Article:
Originally published 01/29/2013
An American classics professor has uncovered ancient grape seeds that could provide insight into Roman Chianti vineyards.One of the world’s authorities on the Etruscans, Nancy Thomson de Grummond is the M. Lynette Thompson Professor of Classics and Distinguished Research Professor at Florida State University. She unearthed 150 waterlogged grape seeds during a dig in Cetamura del Chianti, an ancient hilltop located in the heart of the Chianti district of Tuscany near Siena, during the summer of 2012.De Grummond serves as project director of archaeological excavations at Cetamura del Chianti, which is in an area once inhabited by the Etruscans and then the Ancient Romans. Faculty and students of Florida State University have conducted research at the archaeological site since it opened in 1973....
- New documentary explores the legacy of the 5,000 Rosenwald schools set up by a Sears magnate and Booker T. Washington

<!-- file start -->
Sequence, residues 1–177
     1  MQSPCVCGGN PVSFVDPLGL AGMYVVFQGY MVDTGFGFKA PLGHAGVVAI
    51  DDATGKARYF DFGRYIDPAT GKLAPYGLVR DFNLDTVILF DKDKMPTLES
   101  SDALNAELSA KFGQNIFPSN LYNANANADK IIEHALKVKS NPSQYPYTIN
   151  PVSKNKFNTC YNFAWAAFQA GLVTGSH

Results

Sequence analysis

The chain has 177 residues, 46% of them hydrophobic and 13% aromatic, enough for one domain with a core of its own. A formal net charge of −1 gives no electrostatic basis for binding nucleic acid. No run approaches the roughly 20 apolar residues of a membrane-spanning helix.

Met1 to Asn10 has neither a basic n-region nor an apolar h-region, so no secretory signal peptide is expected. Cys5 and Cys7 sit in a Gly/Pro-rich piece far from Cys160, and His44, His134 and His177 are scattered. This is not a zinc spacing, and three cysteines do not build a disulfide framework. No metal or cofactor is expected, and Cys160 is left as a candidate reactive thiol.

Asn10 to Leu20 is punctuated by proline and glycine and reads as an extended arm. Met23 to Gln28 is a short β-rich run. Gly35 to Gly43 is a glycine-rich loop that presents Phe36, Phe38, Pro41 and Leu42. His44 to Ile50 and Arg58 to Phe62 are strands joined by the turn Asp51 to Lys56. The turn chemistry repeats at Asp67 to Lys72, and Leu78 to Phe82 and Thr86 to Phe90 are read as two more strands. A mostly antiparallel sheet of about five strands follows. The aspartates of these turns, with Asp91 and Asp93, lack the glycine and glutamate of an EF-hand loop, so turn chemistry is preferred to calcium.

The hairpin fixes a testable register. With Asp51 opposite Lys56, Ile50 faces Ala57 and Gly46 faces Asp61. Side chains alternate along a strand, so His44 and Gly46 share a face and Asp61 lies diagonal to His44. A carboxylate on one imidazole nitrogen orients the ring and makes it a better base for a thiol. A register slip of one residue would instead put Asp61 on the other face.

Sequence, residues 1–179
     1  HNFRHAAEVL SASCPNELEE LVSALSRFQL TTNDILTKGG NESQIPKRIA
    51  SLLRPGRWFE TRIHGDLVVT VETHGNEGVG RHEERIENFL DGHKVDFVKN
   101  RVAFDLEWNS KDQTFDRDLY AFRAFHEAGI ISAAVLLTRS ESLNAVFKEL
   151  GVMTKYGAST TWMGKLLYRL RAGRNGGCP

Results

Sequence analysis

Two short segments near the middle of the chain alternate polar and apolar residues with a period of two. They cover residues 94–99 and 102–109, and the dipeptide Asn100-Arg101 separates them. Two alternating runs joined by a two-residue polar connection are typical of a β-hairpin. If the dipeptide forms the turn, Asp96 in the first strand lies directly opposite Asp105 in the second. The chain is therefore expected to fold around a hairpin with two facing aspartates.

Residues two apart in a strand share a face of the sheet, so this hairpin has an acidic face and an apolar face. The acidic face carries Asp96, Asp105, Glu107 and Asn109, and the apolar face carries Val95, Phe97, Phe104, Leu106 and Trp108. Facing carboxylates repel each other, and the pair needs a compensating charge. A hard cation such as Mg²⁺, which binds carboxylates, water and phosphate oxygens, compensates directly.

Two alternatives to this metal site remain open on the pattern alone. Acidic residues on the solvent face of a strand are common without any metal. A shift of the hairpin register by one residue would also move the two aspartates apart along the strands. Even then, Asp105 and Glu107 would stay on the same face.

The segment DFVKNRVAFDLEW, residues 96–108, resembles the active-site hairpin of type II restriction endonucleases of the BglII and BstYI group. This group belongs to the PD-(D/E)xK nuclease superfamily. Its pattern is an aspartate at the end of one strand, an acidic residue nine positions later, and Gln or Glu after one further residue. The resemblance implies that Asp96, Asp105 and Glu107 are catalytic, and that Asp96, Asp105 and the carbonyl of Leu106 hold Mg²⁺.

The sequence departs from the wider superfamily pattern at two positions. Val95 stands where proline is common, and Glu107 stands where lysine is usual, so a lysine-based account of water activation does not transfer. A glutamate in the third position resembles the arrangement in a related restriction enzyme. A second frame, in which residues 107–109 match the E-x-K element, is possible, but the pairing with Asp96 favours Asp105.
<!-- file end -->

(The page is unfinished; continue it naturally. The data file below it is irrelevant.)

- Rare silent Native American movie of 1920s attracting a lot of interest
- It happened in Idaho and was the largest massacre of Indians in US history, but where exactly did it take place?
- Junípero Serra’s Missions Destroyed Entire Native Cultures. And Now He’s Going to Be a Saint.
- Isis destruction of Palmyra's Temple of Bel revealed in satellite images
- Two scholars from UT object to the Texas school's decision to remove the statue of Jefferson Davis
- A history professor explains why Americans are so prone to conspiracy theories
- Now Greg Grandin has come out with a study of Henry Kissinger
- Japanese historian upends the familiar narrative of WW 2 by taking a bottom up approach, focusing on fascism from the grassroots
- Holocaust-denying historian David Irving organises 'disgusting' £2,000-a-head holiday tours of former concentration camps and Hitler's HQ so people can 'make up their own mind about the truth'